filed in U.S. Magistrate Courts. These courts handle less serious
misdemeanor cases, including what are called "petty offenses." In
addition, complaints are sometimes filed in the magistrate courts before
an indictment or information is entered. In these cases, the matter
starts in the magistrate courts and later moves to the district court
where subsequent proceedings take place.
In the magistrate courts in April the most frequently cited lead charge was
Title 16 U.S.C Section 703 involving the "Taking, killing, or possessing migratory birds". This was the lead charge
for 90 percent of all magistrate convictions in April.
Environment Convictions in U.S. District Courts
In April 2013, 34 defendants in new cases
for these matters were charged in the U.S. District Courts. In addition during April there
were an additional 0 defendants whose cases moved from the magistrate
courts to the U.S. district courts after an indictment or information
was filed. The sections which follow cover both sets of cases and
therefore cover all matters filed in district court during April.
Top Ranked Lead Charges
Table 2 shows the top lead charges recorded in the convictions of environment matters
filed in U.S. District Court during April 2013.
Table 2: Top charges for convictions
"Taking, killing, or possessing migratory birds" (Title 16 U.S.C Section 703) was the most frequent recorded lead charge.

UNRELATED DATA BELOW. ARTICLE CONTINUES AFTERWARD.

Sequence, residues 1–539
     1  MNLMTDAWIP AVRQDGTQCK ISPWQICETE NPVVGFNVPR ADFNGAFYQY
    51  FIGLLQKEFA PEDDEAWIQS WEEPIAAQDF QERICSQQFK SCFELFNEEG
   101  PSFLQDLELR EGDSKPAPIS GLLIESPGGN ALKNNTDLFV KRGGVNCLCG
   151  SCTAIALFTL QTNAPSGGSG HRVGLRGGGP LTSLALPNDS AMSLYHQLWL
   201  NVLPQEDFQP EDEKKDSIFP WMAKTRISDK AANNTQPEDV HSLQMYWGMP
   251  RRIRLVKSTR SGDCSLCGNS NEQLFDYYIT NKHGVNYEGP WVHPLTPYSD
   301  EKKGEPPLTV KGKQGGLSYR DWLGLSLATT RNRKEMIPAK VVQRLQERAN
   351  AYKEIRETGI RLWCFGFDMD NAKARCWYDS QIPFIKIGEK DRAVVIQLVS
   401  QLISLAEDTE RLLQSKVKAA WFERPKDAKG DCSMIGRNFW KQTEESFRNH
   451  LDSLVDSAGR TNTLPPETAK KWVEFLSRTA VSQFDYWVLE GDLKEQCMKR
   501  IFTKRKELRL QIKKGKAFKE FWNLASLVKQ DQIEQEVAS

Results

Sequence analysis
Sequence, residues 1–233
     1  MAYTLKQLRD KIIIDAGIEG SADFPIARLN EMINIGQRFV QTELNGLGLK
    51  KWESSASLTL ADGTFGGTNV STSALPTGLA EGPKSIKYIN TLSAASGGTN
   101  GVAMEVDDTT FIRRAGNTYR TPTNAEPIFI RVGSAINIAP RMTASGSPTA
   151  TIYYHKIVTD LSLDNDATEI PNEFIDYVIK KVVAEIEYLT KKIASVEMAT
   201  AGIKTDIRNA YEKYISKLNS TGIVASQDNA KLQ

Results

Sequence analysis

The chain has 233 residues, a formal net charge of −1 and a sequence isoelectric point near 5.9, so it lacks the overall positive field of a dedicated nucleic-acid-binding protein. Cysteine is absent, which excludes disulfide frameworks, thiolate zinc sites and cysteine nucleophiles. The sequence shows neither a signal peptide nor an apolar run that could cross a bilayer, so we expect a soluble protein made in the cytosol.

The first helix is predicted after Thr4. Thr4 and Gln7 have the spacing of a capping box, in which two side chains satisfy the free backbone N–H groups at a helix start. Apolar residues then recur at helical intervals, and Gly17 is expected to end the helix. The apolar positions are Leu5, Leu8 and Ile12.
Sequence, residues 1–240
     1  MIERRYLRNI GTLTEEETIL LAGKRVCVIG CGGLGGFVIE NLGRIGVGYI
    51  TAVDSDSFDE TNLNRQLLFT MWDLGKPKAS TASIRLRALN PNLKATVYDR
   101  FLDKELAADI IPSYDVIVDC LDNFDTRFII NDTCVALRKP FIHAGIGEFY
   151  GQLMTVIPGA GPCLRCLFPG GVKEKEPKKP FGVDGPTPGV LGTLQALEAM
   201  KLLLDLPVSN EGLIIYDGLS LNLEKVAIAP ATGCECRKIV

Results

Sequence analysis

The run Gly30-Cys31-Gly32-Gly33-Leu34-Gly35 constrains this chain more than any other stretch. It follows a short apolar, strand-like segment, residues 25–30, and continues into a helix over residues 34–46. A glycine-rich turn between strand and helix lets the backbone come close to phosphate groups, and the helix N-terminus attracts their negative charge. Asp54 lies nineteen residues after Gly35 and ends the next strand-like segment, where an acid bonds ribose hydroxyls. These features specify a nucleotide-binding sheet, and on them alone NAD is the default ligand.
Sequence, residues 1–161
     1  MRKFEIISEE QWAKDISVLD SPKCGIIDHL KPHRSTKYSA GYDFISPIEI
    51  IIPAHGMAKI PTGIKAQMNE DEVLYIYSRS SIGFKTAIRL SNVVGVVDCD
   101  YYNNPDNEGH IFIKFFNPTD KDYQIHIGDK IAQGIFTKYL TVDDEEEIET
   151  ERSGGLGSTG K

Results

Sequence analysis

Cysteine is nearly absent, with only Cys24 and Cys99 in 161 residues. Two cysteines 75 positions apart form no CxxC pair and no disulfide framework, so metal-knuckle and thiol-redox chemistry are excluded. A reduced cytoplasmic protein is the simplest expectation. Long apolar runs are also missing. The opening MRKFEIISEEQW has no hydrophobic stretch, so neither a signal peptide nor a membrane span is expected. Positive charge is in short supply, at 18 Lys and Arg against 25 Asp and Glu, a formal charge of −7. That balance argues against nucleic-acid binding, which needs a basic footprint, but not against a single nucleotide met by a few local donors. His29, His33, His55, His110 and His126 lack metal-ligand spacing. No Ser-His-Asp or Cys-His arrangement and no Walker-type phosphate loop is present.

Ranked 2nd in frequency were the lead charges
"Environmental Pesticide Control - definitions" under Title 7 U.S.C Section 136, "When/how migratory birds may be taken, killed,poss" under Title 16 U.S.C Section 704, "Marine Mammal Protection - Prohibitions" under Title 16 U.S.C Section 1372, "Illegally
Taken Fish & Wildlife - prohibited acts" under Title 16 U.S.C Section 3372, "Fraud/false statements or entries generally" under Title 18 U.S.C Section 1001 and "Water Pollution - Enforcement" under Title 33 U.S.C Section 1319.
Top Ranked Judicial Districts
In April 2013 the Justice Department said the government obtained 13.3 environment convictions for every ten million people in the United States.
Understandably, there is great variation in the number of environment convictions in each of the nation's ninety-four federal judicial districts.
The districts registering the
largest number of convictions of this type last month are shown in Table 3.
Table 3: Top 10 districts
The District of Alaska and Middle District of Louisiana (Baton Rouge)—with 5 convictions—were the most active during April 2013.
District of Nevada, District of South Dakota and Eastern District of Washington (Spokane) are now ranking 3rd.
Top Ranked District Judges
At any one time, there are about 680 federal District Court judges working in the United States. The judges recorded with the largest number of new environment crime cases resulting in convictions of this type
during April 2013 are shown in Table 4.
All 24 of the "top ten" judges were in districts which were in the top ten with the largest number of environment convictions . (Because of ties, there were a total of 24 judges in the "top ten" rankings.)
Report Generated: June 10, 2013